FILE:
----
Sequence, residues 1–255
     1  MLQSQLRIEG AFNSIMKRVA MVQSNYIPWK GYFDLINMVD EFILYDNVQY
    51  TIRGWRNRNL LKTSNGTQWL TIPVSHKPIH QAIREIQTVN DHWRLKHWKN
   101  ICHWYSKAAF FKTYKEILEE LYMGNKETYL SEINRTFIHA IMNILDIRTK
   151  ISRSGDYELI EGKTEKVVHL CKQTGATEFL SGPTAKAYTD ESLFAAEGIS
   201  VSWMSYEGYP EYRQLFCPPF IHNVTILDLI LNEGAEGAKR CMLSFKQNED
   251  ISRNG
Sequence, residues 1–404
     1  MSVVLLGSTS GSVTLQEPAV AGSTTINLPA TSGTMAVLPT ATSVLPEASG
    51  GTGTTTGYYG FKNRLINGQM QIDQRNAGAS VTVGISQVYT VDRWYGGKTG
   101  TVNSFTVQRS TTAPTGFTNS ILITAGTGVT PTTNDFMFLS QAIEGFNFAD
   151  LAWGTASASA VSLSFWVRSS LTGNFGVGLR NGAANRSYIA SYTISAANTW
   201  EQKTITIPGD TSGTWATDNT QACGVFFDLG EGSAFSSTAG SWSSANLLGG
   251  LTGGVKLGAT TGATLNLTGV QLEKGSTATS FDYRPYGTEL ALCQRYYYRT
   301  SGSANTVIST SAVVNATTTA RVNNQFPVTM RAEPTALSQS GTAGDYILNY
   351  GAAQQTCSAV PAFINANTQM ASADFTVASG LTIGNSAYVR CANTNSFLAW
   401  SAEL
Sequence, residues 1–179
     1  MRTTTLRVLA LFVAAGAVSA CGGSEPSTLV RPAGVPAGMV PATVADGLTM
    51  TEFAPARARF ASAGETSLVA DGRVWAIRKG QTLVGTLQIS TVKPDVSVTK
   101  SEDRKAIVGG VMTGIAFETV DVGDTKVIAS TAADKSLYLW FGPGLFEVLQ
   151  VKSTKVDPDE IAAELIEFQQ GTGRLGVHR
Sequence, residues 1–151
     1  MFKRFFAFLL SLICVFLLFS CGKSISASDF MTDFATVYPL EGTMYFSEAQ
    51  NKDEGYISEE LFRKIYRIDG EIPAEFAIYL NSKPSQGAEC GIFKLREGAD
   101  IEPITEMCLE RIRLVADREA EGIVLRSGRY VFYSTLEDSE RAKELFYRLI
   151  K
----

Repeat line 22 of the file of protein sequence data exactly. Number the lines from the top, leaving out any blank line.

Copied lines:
   151  VKSTKVDPDE IAAELIEFQQ GTGRLGVHR